More days were passed on the water without wetting a line.  I spent more time watching, waiting and  hoping that all of the observing would teach me something.  With all due respect to Rene Harrop and his wonderful book Learning from the Water, I learned that I'm capable of spending  a lot of time doing nothing while staring at the water.

After a dismal 2015, the fruit trees and strawberries produced bountifully this year.  The wife's vegetable garden took most of the summer to come out of its early season funk.  But, eventually there were tomatoes on the table.  It was a great year for flowers though.  Why is it that the blooms are at their best when the first frost hits?

And, I reached a personal milestone, geologically speaking.  Sixty.  I've concluded that I'll never be perfect, bullet proof or young again.     The accumulated indignities have taken a toll.  This skinny little carcass wasn't designed to haul animals five times its weight or for shoveling countless truckloads of landscape rock.  Apparently, my lack of physical stature has been more than compensated for by an equal lack of common sense.  But as they say, life goes on.  How many more score remain?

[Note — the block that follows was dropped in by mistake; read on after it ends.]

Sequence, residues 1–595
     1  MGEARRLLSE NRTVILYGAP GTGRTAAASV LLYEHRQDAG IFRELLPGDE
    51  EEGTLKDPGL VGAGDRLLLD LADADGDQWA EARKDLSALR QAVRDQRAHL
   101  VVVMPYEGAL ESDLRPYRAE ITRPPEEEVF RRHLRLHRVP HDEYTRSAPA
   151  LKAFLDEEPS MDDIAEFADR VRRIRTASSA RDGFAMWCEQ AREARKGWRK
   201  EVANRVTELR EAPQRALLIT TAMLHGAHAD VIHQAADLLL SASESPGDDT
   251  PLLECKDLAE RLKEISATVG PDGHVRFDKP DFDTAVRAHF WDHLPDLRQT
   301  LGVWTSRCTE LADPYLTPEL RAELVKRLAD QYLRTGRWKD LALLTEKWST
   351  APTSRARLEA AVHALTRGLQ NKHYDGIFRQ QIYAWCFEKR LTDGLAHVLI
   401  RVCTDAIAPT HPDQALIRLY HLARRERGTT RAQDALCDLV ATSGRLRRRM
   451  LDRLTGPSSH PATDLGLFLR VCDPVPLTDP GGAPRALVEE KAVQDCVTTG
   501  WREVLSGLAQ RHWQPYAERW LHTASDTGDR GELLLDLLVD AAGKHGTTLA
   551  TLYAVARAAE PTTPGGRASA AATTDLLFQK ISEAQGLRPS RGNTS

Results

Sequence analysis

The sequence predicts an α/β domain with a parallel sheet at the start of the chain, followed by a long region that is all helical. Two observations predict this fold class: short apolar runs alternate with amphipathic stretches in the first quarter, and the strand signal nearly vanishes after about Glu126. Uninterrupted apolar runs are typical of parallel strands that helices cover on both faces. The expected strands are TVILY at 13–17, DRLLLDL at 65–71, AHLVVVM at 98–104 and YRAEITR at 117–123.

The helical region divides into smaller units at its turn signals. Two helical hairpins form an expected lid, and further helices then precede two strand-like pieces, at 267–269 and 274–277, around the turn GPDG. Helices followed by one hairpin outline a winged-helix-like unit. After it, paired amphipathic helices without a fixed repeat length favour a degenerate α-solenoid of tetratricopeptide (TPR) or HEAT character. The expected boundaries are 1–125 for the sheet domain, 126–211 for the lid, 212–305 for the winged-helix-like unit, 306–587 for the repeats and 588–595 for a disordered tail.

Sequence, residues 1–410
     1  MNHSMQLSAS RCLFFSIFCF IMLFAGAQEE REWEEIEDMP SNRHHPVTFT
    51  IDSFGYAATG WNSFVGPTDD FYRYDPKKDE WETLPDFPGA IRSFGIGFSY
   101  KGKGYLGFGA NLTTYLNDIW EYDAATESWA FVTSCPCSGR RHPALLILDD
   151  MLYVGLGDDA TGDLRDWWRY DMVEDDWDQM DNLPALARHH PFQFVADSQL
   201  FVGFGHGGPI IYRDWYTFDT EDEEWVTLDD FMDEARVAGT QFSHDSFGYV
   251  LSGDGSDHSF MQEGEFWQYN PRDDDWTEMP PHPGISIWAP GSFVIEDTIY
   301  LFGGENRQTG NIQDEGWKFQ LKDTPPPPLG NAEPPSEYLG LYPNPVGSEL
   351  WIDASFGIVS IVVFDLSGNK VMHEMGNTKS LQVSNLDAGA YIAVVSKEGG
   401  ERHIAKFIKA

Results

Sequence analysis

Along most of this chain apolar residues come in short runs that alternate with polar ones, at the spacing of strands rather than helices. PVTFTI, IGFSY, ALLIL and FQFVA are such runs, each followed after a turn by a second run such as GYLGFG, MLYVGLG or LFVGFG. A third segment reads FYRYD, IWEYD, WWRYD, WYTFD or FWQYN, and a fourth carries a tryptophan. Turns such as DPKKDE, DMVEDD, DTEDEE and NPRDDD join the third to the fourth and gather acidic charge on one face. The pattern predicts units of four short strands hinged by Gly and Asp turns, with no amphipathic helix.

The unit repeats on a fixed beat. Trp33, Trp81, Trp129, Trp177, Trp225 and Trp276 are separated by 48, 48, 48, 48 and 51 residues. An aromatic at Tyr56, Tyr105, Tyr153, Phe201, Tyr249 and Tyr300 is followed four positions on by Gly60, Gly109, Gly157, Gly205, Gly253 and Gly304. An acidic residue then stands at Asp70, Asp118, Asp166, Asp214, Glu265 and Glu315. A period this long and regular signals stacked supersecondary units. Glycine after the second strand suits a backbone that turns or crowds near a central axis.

Idaho.  My nemesis was and still is the Henry's Fork.  Someday I'll catch a "real fish".

It was another outstanding autumn.  September, October and November all fished well and I piled on miles between Montana, Idaho and eastern Washington.  Most satisfying were a couple of late November afternoons of casting blue-winged olives to rising trout.   December likely will pass without knotting a fly to the leader.  

Jo and the girls continue to be the hunters of the household.  My hunting license remained unused.  The old 30:06 stayed in its case.  I was content to watch deer rather than shoot.  Maybe next year the hunter gatherer urge will stir.